21 June 2006

Movie Review: TalkingCock the Movie

I believe the first thought that hits some of you is: why the heck did you watch such a cock movie, especially if it was an old movie? Before I answer that question, I'll answer another one that I anticipate from some others: where did you watch it? To that: it was re-shown on the big screen tonight (okay, the screen wasn't really that big, but comparable to those smaller theatres in standard cinemas) as part of a project to showcase local movies in the cinema way. You can find more about it at www.cine.sg; they have weekly screening of different movies for at least until August. Which means, for those who want to watch TalkingCock the Movie, you'll have to wait till next year when the DVD is re-released (according to Colin Goh who was there tonight).

So why did I watch such a cock movie? It is mainly because I do have some appetite for satire, and I was somewhat impressed by some of the articles that appear on TalkingCock.com. I missed the movie when it was screened the first time round in cinemas, and somehow the VCDs or DVDs seem to be as scarce as a good-willed politician (assuming there exists such a thing). And the fact that film festivals around the world were and are still grabbing it for screening made me thirst to see how it is.

Now, after watching it, I can't really say I like it, but I thought it was a rather decent attempt. That's not taking into account that the filmmakers have literally no budget, no experience and no plan. The storyline is a stitch of various nonsensical short clips ranging from crap (eAhLong.com) to crappier (the bao waitress) to crappiest (the Turbanator), which I must say is Singaporean culture and fantasy extrapolated to the extremes. It does, in a way, reflects and parodies Singaporeans' identity and the society we live in.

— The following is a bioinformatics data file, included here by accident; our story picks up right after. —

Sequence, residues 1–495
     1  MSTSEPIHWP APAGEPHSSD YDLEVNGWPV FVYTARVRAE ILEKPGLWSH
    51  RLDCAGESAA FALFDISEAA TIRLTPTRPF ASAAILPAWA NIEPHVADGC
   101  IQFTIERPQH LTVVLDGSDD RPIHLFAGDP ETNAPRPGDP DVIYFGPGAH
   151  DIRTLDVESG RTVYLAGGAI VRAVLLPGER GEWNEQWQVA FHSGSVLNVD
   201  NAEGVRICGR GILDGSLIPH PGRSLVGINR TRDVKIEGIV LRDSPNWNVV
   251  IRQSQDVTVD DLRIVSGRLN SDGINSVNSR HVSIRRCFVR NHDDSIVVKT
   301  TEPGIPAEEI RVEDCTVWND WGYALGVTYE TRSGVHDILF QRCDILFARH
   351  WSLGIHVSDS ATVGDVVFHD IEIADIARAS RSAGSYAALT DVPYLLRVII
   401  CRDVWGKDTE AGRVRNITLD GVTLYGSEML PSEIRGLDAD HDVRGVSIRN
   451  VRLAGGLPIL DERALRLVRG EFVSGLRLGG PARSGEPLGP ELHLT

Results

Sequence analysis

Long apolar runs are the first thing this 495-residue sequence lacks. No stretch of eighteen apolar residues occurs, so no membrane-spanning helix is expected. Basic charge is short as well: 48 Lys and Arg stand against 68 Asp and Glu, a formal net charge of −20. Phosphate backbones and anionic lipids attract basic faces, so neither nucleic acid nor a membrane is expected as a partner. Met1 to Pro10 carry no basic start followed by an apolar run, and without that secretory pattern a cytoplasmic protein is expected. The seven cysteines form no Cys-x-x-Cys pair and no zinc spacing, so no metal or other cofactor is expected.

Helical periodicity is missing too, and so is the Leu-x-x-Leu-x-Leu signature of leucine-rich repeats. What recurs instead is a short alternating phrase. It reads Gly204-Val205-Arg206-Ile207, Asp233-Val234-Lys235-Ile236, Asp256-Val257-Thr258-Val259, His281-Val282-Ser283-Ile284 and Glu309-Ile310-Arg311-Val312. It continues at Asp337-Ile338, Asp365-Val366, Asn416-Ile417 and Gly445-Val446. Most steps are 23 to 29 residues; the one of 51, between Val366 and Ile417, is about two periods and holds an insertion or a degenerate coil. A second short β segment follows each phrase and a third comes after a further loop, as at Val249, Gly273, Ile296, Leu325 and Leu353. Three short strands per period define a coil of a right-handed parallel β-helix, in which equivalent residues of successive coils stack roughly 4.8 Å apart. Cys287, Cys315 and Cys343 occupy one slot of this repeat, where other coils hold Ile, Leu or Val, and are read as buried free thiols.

There is no visual effects to begin with, and let's not go into the cinematography either. The sounds and musics are rather fine, to be honest. It doesn't really stand out, but it's not lousy either, considering that they had, as I've said earlier, no budget.

Certain parts of the movie are actually disturbing, at least to me. (It's actually disturbingly funny, to be precise.) One example is Lim Peh mini-story (the chee-ko-pek and lady with... erm... hair... at not quite the correct place). Some jokes feel quite lame, giving me cold shivers down my spine when I watched it. However, I do like its crude subtitling (by crude, I mean, they spell out in proper English what the various Hokkien swear words mean, like "vagina").

I believe Colin Goh's and Woo Yen Yen's new feature film, Singapore Dreaming, will be a much better movie. At least, it has won rave reviews in its premiere in April (even the President of Singapore found it great) and has a more central and organised storyline. It should be coming out in October, according to Colin Goh.

No comments: